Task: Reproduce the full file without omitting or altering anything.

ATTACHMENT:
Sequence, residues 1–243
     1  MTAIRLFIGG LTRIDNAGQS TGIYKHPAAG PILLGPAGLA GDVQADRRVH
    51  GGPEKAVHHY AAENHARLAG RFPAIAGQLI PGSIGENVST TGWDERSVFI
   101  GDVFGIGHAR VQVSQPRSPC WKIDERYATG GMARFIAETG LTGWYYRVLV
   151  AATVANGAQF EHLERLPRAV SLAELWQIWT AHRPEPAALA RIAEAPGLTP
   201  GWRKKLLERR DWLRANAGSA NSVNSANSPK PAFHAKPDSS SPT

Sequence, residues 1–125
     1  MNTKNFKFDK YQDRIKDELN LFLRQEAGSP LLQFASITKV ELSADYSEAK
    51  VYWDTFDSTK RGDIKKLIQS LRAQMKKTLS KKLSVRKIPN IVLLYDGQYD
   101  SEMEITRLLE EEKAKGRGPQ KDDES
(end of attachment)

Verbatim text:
Sequence, residues 1–243
     1  MTAIRLFIGG LTRIDNAGQS TGIYKHPAAG PILLGPAGLA GDVQADRRVH
    51  GGPEKAVHHY AAENHARLAG RFPAIAGQLI PGSIGENVST TGWDERSVFI
   101  GDVFGIGHAR VQVSQPRSPC WKIDERYATG GMARFIAETG LTGWYYRVLV
   151  AATVANGAQF EHLERLPRAV SLAELWQIWT AHRPEPAALA RIAEAPGLTP
   201  GWRKKLLERR DWLRANAGSA NSVNSANSPK PAFHAKPDSS SPT

Sequence, residues 1–125
     1  MNTKNFKFDK YQDRIKDELN LFLRQEAGSP LLQFASITKV ELSADYSEAK
    51  VYWDTFDSTK RGDIKKLIQS LRAQMKKTLS KKLSVRKIPN IVLLYDGQYD
   101  SEMEITRLLE EEKAKGRGPQ KDDES